In a last ditch effort to avoid catastrophe, Colonel Bratton convinces the Army Chief of Staff, General George Marshall (Keith Andes) a threat exists. In response, Marshall places Pearl Harbor on high alert. The USS Ward identifies a Japanese midget sub attempting to slip through their defensive net and enter the harbor. The submarine is sunk at a safe distance by a depth charge, and news of the incident is passed along to Lieutenant Kaminsky (Neville Brand), who takes it very seriously. Nevertheless, Captain John Earle (Richard Anderson) is unimpressed. Pearl Harbor has been on high alert before – always with the best of intensions, each and every time proven to be needless. In the meantime, two privates posted at the remote radar outpost are the first to spot the incoming Japanese planes entering their airspace. Relaying their discovery to Hickam base, Army Air Forces Lieutenant, Kermit Tyler (Jerry Cox), casually dismisses their report as he believes the aircraft spotted are a group of American B-17 bombers conducting aerial maneuvers.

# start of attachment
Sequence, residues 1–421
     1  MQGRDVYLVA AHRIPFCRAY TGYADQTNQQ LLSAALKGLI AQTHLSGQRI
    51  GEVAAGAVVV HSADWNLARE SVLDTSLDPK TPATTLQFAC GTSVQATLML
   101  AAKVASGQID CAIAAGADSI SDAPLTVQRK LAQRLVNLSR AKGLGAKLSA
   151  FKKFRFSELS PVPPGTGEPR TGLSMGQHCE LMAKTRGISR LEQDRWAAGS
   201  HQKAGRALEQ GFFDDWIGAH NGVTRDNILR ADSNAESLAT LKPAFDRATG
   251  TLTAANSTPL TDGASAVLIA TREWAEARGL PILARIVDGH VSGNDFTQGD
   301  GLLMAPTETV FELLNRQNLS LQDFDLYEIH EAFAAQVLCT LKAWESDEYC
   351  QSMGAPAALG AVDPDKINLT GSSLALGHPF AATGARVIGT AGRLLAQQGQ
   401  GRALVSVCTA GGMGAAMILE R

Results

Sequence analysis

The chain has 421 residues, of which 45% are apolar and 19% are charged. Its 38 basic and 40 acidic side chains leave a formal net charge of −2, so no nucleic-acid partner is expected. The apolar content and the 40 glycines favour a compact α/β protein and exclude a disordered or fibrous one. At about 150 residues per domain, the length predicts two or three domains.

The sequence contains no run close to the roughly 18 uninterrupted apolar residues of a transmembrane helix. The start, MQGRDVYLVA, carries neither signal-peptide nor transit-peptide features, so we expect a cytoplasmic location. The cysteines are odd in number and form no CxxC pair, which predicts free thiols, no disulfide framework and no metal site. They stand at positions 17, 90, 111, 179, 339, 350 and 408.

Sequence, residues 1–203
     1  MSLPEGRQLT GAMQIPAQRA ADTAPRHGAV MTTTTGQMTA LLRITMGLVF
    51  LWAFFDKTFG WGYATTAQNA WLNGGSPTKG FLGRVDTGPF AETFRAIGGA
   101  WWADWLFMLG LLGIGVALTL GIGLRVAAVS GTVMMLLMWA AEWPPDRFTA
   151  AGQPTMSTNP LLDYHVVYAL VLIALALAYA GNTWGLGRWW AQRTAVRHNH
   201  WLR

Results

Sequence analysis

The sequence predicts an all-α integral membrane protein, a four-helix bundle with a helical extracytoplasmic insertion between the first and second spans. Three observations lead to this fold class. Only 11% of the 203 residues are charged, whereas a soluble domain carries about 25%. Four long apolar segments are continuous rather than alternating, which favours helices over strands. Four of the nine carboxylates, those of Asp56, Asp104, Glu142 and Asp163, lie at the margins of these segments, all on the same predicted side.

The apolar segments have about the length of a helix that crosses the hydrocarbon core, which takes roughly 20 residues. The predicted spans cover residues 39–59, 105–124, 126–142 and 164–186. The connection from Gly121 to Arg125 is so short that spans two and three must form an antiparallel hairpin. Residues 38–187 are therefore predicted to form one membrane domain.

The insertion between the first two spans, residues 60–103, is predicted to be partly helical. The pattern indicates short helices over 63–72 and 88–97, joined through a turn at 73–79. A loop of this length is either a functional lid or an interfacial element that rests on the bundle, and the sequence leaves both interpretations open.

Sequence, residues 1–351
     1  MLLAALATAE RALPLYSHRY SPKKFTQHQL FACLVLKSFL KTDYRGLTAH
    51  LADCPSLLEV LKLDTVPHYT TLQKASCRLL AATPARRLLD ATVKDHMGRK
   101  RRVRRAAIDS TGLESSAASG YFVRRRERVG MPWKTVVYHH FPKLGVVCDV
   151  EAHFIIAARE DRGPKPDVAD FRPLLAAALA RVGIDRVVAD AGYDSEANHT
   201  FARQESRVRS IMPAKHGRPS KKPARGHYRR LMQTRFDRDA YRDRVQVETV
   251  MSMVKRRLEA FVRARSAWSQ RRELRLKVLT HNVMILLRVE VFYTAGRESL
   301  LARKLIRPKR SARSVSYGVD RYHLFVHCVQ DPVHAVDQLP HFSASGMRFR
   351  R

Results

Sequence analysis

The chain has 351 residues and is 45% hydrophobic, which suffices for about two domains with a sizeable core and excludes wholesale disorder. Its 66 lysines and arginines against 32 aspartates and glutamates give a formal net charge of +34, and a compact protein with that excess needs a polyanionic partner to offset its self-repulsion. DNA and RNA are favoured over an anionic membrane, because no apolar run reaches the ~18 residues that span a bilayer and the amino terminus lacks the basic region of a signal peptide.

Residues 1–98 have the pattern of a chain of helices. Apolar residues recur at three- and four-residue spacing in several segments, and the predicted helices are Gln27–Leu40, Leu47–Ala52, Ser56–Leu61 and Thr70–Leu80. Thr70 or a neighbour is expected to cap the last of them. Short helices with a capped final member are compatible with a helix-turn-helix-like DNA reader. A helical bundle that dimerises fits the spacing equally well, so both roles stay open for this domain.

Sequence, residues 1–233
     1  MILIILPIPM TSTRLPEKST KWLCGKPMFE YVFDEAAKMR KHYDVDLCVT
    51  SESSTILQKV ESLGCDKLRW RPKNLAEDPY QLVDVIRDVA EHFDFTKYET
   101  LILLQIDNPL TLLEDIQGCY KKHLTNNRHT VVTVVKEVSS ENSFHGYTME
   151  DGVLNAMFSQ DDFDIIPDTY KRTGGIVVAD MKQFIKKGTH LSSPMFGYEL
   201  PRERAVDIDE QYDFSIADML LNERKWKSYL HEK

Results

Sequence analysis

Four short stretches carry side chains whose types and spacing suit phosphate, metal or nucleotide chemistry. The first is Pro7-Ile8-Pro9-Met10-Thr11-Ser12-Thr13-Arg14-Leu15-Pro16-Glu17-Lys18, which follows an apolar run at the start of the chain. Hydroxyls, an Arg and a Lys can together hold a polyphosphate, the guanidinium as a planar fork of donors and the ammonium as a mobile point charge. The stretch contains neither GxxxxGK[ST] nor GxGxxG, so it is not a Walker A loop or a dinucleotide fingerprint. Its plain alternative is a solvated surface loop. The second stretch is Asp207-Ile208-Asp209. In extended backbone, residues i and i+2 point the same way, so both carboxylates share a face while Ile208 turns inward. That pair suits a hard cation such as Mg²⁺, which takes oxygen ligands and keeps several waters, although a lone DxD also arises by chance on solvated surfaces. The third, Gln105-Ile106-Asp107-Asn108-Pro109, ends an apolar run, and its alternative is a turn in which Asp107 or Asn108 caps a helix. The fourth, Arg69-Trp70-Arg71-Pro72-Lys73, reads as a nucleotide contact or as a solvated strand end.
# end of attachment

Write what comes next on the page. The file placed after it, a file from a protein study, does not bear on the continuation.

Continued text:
Due to badly bungled communications, a telegram marked as urgent is never relayed to Pearl Harbor in time.  The incoming Japanese fighter planes attack with immunity, decimating Ford Island and virtually wiping out all but a handful of planes that manage, amidst the mayhem and crippling display of pyrotechnics, to get into the air. Two American fighter pilots, Lieutenants Ken Taylor and George Welch, desperately race to the smaller airfield at Haleiwa from where they manage to take off and engage the enemy. Meanwhile, the second wave of the Japanese attacks on the naval installations is underway. One armor-piercing projectile strikes the USS Arizona in its forward compartment, setting off its powder magazines; the ship erupting in a hellish ball of flame and killing many instantly while leaving others either to burn to death or drown amidst its capsizing wreckage. In a matter of moments, the U.S. fleet is utterly decimated. News of Pearl Harbor’s demise reaches Cordell Hull in Washington. Unable, as yet to fully comprehend the gravity of the attack, Hull is nevertheless swift to inflict his stern anger on the equally stunned Japanese Ambassador.